So again, what exactly is version 1.01 supposed to show? Version 1.02 appears to correct the errors that were seen with version 1.00. Unless version 1.01 removed DX10.1 and offered equivalent performance to 1.00 or kept DX10.1 and offered equivalent performance to 1.02, there's no reason to test it.

    Maybe the issue is the version numbers we're talking about. I'm calling version of the game - what the DVD shipped with - version 1.00. The patched version of the game is, so I call that 1.02. Here's what the 1.02 patch officially corrects:

    * Fixed a rare crash while riding the horse in Kingdom
    * Fixed a corruption of Altair’s robe on certain graphics hardware
    * Cursor is now centered when accessing the Map
    * Fixed a few problems with Alt-Tab
    * Fixed a graphical bug in the final fight
    * Fixed a few graphical problems with dead bodies
    * Fixed pixellation with post-FX enabled on certain graphics hardware
    * Fixed a small bug in the DNA Menu that would cause the image to disappear if the arrow was clicked rapidly
    * Fixed some graphical corruption in Present Room with low Level Of Detail
    * Character input is now canceled if the controller is unplugged while moving
    * Added support for x64 versions of Windows
    * Fixed broken post-effects on DirectX 10.1 enabled cards
    I've heard more about rendering errors on NVIDIA hardware with v1.00 than I have of ATI hardware having problems. I showed a (rare) rendering error in the images that happens with ATI and 4xAA, but all you have to do is lock onto a target or enter Eagle Vision to get rid of the error (and I never saw it come back until I restarted the game).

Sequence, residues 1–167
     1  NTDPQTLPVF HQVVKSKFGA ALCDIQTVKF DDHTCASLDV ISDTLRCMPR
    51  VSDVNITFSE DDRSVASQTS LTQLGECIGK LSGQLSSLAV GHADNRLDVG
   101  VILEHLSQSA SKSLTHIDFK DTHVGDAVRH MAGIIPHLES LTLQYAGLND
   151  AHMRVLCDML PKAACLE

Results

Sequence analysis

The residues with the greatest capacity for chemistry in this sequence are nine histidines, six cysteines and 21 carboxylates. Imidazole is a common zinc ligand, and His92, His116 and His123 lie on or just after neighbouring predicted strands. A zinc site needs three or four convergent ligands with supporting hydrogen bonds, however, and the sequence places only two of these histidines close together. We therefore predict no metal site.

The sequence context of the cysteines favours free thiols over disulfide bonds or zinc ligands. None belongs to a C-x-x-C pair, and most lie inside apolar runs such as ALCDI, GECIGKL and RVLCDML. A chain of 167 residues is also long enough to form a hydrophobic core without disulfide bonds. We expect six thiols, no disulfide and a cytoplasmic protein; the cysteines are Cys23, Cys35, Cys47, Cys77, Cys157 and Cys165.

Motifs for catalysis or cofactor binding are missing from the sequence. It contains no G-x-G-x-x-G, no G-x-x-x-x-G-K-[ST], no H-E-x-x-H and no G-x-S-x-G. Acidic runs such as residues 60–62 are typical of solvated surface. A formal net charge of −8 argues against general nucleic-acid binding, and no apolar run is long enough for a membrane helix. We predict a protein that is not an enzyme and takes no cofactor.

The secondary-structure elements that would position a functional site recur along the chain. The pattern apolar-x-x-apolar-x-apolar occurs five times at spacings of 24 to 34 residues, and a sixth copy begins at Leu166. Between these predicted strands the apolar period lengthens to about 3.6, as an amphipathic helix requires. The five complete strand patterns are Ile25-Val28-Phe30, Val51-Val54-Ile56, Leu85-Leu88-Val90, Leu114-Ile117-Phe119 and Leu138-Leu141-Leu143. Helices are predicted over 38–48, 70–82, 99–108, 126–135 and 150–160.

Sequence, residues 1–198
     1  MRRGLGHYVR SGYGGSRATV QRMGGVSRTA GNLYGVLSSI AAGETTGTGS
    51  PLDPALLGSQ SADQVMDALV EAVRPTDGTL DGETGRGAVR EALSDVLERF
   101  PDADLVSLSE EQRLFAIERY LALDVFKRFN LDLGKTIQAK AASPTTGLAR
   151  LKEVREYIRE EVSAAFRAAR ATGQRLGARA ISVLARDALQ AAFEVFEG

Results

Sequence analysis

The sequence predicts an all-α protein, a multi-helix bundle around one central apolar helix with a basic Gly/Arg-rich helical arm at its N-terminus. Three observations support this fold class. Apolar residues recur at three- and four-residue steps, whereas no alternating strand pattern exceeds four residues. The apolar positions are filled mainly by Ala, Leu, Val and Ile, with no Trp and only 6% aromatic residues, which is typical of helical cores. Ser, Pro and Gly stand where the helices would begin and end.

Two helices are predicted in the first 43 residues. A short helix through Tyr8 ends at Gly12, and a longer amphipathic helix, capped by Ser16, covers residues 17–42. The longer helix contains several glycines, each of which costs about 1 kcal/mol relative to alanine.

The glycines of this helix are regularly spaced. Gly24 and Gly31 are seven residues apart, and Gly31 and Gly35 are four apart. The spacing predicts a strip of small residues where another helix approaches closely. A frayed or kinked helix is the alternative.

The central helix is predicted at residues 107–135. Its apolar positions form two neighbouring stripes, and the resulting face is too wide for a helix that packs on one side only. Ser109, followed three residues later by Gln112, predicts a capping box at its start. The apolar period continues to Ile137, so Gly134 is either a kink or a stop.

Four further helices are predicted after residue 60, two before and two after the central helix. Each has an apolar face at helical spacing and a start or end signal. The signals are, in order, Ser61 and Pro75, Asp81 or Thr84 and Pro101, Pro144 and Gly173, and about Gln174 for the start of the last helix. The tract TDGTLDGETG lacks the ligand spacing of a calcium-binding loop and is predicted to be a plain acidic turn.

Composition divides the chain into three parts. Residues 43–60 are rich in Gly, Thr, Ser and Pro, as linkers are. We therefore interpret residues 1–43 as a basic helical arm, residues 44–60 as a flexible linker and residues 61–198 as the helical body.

Bottom line is I have PROOF that v1.00 and v1.02 differ in performance, specifically in the area of anti-aliasing on ATI 3000 hardware. If a version 1.01 patch ever existed, it doesn't matter in this comparison. The conspiracy "theory" part is why Ubisoft removed DX10.1 support. If you're naive enough to think NVIDIA had nothing to do with that, I wish you best of luck in your life. That NVIDIA and Ubisoft didn't even respond to our email on the subject speaks volumes - if you can't say anything that won't make you look even worse, you just ignore the problem and go on your merry way.
  • erwendigo - Tuesday, June 03, 2008 - link